Romeo & Juliet:
Young Lovers and the Law
updated 19 December 2019
by Wes Cowell;
When underage girls get pregnant, the father may catch a break from "statutory rape" charges depending on the difference in age between the lovers and the nature of their relationship. Need advice? Call, leave your info, or schedule a consult.
I get one of these questions about once a week:
Scenario I: a young woman calls to say she is 15 or 16, has been messing around with a 19 y.o. BF, they're in love and plan to marry and be a family . . . will he go to jail if its found out that he (an adult) was messing around with her (a minor)?
Scenario II: a young man calls in to say he's 19 or 20, his GF is 15 or 16, they've been having sex and her parents found out and now they're threatening him with prosecution for "statutory rape" . . . am I going to go to jail?
The answer is "it depends on the difference between "sexual conduct" and "sexual penetration," and it depends a LOT on the success of the relationship."
There is so much puritanical, judgmental, obsolete information about this topic online, however, that these young folks are terribly misled and that makes a difficult situation much, much worse. So, here's what you need to know:
Age of Consent: In Illinois, the age of consent is 17. Our law says that it's impossible for a child under the age of 17 to knowingly consent to sex. Even if he or she voluntarily engages in sex, even if he or she brings up the subject and suggests sex, even if he or she initiates sex . . . the sex act constitutes a "sex crime" on the part of the partner, regardless of age. If a 16-year-old has sex with a 17-year-old, the 17-year-old may be charged with criminal sexual abuse. If two 15 or 16-year-olds have sex they each may be charged with criminal sexual abuse of the other.
Once a child turns 17 he or she may have consensual sex with anyone and the partner need not fear criminal prosecution. There is one exception, however: if the adult partner is a person with authority over the 17-year-old, then the age of consent is boosted to 18. These cases crop up where the adult is a step-parent, a teacher, a coach, a leader of a church youth group, etc.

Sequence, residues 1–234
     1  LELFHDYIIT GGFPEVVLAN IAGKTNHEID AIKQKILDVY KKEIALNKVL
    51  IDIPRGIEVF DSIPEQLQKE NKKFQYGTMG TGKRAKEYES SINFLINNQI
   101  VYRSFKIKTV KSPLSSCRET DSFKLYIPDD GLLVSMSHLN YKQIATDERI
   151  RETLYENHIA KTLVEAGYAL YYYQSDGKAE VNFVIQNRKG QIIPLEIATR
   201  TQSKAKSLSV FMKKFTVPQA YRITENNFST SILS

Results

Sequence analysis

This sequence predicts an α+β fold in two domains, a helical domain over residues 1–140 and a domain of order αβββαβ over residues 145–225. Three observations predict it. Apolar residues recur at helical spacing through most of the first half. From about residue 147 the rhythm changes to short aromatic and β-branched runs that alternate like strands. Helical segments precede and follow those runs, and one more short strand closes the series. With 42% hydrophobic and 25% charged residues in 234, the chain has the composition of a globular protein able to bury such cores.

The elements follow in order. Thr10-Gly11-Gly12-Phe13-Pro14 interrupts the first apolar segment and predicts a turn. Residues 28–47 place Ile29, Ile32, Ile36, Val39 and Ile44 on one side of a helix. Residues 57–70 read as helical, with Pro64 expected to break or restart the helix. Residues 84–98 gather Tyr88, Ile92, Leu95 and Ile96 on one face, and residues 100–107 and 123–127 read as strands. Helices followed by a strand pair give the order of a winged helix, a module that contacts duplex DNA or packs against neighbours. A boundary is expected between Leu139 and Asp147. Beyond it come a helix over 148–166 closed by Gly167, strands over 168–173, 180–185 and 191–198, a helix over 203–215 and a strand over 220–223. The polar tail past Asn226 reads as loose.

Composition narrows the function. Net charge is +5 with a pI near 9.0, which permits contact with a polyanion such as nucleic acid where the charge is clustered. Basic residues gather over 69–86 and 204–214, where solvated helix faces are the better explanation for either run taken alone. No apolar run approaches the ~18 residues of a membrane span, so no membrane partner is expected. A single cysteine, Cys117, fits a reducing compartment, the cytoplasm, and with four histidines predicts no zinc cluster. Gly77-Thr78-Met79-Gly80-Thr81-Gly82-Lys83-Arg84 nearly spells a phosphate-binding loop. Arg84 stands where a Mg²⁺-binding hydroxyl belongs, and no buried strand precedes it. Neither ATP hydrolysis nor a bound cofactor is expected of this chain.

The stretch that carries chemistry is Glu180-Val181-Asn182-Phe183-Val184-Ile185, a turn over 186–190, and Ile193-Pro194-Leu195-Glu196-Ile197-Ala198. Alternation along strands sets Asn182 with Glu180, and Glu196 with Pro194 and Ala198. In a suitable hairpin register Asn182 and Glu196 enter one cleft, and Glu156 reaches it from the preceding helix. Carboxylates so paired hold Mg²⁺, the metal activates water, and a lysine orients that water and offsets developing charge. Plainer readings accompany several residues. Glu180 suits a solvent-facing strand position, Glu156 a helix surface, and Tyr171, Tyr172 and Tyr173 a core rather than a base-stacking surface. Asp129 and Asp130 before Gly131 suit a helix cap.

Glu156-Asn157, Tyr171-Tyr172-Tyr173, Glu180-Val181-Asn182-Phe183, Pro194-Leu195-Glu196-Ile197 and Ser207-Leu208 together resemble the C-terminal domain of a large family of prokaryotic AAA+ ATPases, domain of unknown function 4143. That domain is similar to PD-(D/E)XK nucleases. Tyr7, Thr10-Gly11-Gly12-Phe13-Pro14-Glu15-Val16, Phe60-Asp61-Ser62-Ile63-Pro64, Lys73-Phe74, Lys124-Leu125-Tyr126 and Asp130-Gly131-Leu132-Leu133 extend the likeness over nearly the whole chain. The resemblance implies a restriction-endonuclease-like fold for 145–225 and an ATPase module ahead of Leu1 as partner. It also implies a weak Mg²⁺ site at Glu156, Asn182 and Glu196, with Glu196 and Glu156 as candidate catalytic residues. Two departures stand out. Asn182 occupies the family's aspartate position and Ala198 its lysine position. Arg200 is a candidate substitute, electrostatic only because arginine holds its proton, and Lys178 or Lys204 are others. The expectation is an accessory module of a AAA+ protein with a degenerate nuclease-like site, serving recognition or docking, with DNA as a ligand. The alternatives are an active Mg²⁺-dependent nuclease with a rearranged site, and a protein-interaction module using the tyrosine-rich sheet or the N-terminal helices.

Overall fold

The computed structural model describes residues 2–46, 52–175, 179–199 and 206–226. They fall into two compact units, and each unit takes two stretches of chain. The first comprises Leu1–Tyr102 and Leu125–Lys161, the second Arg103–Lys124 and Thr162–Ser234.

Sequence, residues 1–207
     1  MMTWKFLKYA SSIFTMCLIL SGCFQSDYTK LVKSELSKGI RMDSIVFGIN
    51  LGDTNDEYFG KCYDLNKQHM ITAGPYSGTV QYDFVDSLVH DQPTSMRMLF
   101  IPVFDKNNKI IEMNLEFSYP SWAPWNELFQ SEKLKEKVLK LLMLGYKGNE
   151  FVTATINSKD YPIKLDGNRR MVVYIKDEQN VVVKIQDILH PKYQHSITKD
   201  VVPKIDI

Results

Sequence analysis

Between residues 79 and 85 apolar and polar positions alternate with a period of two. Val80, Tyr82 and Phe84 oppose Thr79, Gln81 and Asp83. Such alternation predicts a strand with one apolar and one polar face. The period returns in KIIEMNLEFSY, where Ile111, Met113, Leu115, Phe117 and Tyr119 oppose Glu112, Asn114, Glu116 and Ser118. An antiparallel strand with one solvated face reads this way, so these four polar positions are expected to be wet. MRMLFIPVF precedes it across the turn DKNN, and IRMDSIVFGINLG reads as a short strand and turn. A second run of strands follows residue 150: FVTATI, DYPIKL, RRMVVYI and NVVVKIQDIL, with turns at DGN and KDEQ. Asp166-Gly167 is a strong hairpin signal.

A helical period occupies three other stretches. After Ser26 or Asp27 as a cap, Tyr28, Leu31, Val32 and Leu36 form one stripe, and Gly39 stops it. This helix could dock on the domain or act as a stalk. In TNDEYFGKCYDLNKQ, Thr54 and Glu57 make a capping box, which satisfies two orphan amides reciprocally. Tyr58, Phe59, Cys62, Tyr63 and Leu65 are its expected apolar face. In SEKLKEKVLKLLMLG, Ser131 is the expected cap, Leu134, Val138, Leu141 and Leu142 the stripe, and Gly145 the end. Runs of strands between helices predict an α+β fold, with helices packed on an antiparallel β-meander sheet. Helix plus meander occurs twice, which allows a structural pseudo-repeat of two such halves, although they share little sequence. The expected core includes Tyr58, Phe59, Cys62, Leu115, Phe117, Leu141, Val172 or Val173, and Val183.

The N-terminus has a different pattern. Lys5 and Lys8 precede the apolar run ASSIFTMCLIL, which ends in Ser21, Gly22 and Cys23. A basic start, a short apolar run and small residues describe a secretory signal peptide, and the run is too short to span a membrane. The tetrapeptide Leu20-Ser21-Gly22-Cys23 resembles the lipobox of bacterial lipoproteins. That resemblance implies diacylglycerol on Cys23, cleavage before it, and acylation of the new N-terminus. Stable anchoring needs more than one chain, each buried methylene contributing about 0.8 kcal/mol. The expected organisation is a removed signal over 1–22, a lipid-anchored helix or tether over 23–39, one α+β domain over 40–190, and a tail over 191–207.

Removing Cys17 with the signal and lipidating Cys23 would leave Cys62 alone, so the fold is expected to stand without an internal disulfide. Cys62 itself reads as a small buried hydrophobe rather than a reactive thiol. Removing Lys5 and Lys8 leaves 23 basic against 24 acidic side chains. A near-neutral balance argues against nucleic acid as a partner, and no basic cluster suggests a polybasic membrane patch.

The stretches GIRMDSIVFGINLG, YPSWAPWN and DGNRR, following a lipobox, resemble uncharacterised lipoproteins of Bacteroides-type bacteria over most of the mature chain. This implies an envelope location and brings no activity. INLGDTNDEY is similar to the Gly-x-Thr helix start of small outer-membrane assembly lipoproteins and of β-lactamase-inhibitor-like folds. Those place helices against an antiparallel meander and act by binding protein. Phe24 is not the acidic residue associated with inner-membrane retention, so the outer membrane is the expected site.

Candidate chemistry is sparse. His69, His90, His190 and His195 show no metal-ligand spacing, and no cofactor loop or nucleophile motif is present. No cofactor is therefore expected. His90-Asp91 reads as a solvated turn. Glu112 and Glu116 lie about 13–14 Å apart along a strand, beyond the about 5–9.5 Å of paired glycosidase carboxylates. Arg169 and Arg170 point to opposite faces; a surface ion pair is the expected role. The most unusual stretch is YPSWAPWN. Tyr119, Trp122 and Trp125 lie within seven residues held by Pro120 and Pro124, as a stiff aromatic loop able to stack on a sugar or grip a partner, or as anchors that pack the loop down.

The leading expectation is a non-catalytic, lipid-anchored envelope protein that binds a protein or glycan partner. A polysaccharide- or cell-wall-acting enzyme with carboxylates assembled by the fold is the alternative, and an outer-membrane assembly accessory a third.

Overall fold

The Crimes: Illinois doesn't have a law called "statutory rape." Illinois law breaks things down into four categories:
Criminal Sexual Abuse (720 ILCS 5/11-1.50).
Criminal Sexual Assault (720 ILCS 5/11-1.20),
Aggravated Criminal Sexual Assault (720 ILCS 5/11-1.30), and
Predatory Criminal Sexual Assault (720 ILCS 5/11-1/40),
What you need to focus on is no.s 1 and 2, above. The difference between Criminal Sexual Abuse and Criminal Sexual Assault is the difference between "sexual conduct" and "sexual penetration."
Criminal Sexual Abuse means "sexual conduct," which means "touching or fondling . . . for sexual gratification."
Criminal Sexual Assault means "sexual penetration" which means "any contact, however slight, between the sex organ or anus of one person and an object or the sex organ, mouth, or anus of another person, or any intrusion, however slight, of any part of the body of one person or of any animal or object into the sex organ or anus of another person, including, but not limited to, cunnilingus, fellatio, or anal penetration. Evidence of emission of semen is not required to prove sexual penetration."
The law defines Criminal Sexual Abuse as:
Sec. 11-1.50. Criminal sexual abuse.
(a) A person commits criminal sexual abuse if that person:
(1) commits an act of sexual conduct by the use of force or threat of force; or
(2) commits an act of sexual conduct and knows that the victim is unable to understand the nature of the act or is unable to give knowing consent.
(b) A person commits criminal sexual abuse if that person is under 17 years of age and commits an act of sexual penetration or sexual conduct with a victim who is at least 9 years of age but under 17 years of age.